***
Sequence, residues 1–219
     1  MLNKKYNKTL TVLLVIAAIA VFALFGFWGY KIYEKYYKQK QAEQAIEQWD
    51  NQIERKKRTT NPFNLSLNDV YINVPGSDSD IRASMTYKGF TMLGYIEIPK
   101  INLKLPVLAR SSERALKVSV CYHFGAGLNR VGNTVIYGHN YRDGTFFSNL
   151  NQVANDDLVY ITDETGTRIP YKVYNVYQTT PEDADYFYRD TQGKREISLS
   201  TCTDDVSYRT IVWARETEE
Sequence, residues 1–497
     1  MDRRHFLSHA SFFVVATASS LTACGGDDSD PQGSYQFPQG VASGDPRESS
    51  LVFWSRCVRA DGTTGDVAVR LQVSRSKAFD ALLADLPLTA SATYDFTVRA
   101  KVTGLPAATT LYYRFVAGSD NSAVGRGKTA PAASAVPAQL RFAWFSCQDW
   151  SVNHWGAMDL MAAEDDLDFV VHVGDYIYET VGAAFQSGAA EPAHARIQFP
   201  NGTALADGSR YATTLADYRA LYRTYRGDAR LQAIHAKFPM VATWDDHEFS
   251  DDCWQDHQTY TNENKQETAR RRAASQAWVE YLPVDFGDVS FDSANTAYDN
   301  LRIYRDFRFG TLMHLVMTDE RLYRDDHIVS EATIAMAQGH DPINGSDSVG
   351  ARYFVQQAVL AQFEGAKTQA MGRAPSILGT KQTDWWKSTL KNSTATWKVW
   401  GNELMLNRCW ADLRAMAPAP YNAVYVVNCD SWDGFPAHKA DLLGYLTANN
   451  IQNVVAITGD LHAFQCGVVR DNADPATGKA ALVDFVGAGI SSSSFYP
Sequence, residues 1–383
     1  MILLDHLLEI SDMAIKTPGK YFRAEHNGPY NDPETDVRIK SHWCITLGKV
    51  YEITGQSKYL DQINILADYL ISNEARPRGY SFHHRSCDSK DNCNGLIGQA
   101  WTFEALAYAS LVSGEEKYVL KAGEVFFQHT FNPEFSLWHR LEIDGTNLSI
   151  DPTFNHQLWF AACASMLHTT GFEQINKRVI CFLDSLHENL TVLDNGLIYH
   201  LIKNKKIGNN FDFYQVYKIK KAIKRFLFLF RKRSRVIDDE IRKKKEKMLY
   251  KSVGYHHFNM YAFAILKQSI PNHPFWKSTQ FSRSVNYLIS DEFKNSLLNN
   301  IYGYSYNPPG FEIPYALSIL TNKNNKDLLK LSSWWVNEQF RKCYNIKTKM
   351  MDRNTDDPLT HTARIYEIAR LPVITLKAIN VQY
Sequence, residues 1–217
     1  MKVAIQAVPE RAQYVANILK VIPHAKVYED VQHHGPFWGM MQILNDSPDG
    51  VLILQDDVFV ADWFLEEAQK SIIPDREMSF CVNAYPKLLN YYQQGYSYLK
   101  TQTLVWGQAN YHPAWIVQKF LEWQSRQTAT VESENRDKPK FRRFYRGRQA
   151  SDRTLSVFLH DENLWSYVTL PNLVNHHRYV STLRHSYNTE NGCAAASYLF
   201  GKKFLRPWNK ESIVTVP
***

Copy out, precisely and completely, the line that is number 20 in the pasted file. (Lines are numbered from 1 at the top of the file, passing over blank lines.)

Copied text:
    51  YEITGQSKYL DQINILADYL ISNEARPRGY SFHHRSCDSK DNCNGLIGQA